Trade shows are an important way for many businesses to reach their audience and generate interest in their products, but they have an equally important downside: they’re a very expensive investment. Unless you can coax jaded, footsore show attendees into your display, you can’t even get a conversation started. And that can mean your big investment just went up in smoke. For a graphic designer, that’s a challenge and an opportunity. In the case of Anna Elyse, the brand name under which fashion designer Annie Sokoloff markets her innovative line of bridesmaid dresses, it was also a chance to work with someone who is ferociously creative in her own right.
In creating a show booth, there are three things you have to accomplish:
The first is to stop the traffic. For the average trade show attendee, you have about a half second to grab attention before they look away and keep walking.
The second is to draw people in. It’s great that people stop to look at your booth, but that doesn’t help much if you don’t get to talk to them. They have to want to step into your display and find out more.
The third, once you’ve got them “in the door,” is to get your message across in a way that people “get it” without having to think too much. People at trade shows are bombarded with sales messages to the point where they quickly hit cognitive overload. If you want to be remembered, far less understood, your message had better be outstanding and simple.
I knew that if we could pull off those three things, Annie’s personal charisma and creative talent would do the rest. They are the principles that any kind of advertising must be based on. Some marketing texts have them as “Interrupt, Engage, Educate.” Sales trainers add an additional step, to give the famous A.I.D.A. sequence (“Attraction, Interest, Desire and Action”), but the principle is the same.
The first and third steps went together in the basic design of the booth; three large white panels on the back wall to provide plenty of visual impact, with a headline banner across the top. Putting them at the back would pull the eye and the attention (and, if we did it right, the people) into the booth.
The panels were to show the 3 steps of selecting a custom dress style from Annie’s signature “mix and match” collection of bodices and skirts. I knew I would have to keep them simple and quick to understand, and use the banner headline to inject a hint of mystery. “Reinventing the Bridesmaid Dress” was something we figured dress retailers ought to want to find out more about. Finally, we decided on a neutral grey background for the whole booth, to allow the panels and the colorful fabrics of the dress samples to stand out.
Because this was a major trade show in New York, at which all the heavy hitters display their new collections for retail buyers and the press, this was not a cheap undertaking. Getting a suitably distinctive and elegant look without breaking the budget was critical.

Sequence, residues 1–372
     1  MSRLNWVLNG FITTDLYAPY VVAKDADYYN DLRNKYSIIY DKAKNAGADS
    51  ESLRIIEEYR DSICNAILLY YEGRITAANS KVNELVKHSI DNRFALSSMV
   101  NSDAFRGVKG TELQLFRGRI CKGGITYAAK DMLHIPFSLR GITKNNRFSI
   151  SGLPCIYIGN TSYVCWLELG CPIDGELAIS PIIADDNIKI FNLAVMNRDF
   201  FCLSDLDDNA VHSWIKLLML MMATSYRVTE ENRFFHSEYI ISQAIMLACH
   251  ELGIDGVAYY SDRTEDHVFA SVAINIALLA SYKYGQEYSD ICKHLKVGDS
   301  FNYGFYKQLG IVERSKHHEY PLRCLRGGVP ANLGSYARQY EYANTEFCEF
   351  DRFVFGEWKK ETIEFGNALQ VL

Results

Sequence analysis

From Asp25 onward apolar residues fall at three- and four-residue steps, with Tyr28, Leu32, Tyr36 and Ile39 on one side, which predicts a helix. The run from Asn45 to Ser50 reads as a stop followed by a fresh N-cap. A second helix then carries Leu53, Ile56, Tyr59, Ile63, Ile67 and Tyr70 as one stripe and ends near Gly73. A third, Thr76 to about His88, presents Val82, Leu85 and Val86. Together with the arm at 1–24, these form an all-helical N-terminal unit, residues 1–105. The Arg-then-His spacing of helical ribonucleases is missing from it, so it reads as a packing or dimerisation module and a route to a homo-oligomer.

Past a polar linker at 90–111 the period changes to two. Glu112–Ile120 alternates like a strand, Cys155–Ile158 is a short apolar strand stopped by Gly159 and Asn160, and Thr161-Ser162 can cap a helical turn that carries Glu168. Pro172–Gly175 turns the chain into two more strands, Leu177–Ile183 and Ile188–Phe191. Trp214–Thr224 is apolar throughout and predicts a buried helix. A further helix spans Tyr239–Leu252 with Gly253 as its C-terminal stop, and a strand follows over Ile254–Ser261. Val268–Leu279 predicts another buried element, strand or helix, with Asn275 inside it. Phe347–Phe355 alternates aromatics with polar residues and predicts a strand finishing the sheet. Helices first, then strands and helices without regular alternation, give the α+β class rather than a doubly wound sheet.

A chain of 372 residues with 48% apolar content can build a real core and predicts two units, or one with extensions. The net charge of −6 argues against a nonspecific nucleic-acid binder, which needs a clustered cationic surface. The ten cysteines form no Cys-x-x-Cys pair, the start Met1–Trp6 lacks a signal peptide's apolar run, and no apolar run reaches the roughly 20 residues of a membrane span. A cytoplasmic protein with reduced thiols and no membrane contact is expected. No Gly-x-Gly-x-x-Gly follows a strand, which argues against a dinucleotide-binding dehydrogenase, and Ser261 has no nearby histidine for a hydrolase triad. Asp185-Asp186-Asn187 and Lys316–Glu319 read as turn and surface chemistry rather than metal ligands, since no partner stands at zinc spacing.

Here’s the mockup we created at the first meeting, on a tabletop using foam core, index cards and sticky notes. Very high tech, wouldn’t you say? (That rectangular bit in the back left corner is a 3 ft x 3 ft changing room for the model who would be showing off various dresses during the show.)
Armed with this smartphone snapshot, I created a formal, exact-scale design in Adobe Illustrator, similar to an architect’s elevations, so I could verify the exact sizes we would need for the various panels and banners and give the client a better idea of what it would all actually look like. Here’s how the back wall looks. (Note the changing booth at left, which was to have dress racks in front of it.) The individual panels and the banner were created separately, then dropped into the elevation.
We went over the kind of furniture that would be needed, both to provide a good place for potential customers to talk business and to leave the view of those back wall panels unobstructed, giving an open and inviting look to the presentation. With everything set and approved, I set the panels and banner printing in motion while Annie’s staff arranged for the furniture rental from a New York supplier. In order to make it simpler to get the display items to New York along with all the dress samples, what were to have been panels became vinyl banners, but the look was preserved.
So what happened at the show? First, here’s a (somewhat shaky) snapshot of the actual booth when it was getting close to being finished:
The booth design achieved all its targets. Whereas in years past most attendees would walk by, oblivious, this time was very different. People stopped in their tracks, looked, got curious and walked in to look and inquire. Although this show was less well-attended than usual, the Anna Elyse booth had many more inquiries and generated strong interest with both press and potential customers. Retailers were excited by the simple presentation, that made it easy to understand the unique “mix and match” approach to creating individualized dresses, and the number of serious sales interviews was more than double previous years.
You can’t get your message across to your potential customers if you don’t get their attention to start with; working out how you’ll do that is a basic part of any effective advertising. Whenever you begin to plan a new marketing campaign, it’s worth putting a large card on your wall with “1. Attract, 2. Interest, 3. Message” in big letters. It doesn’t matter whether you’re doing it in-house or working with an outside designer or agency, always keep in mind that you’ll not get to 3 unless you accomplish 1 and 2 first. This also applies to Internet, radio and TV advertising.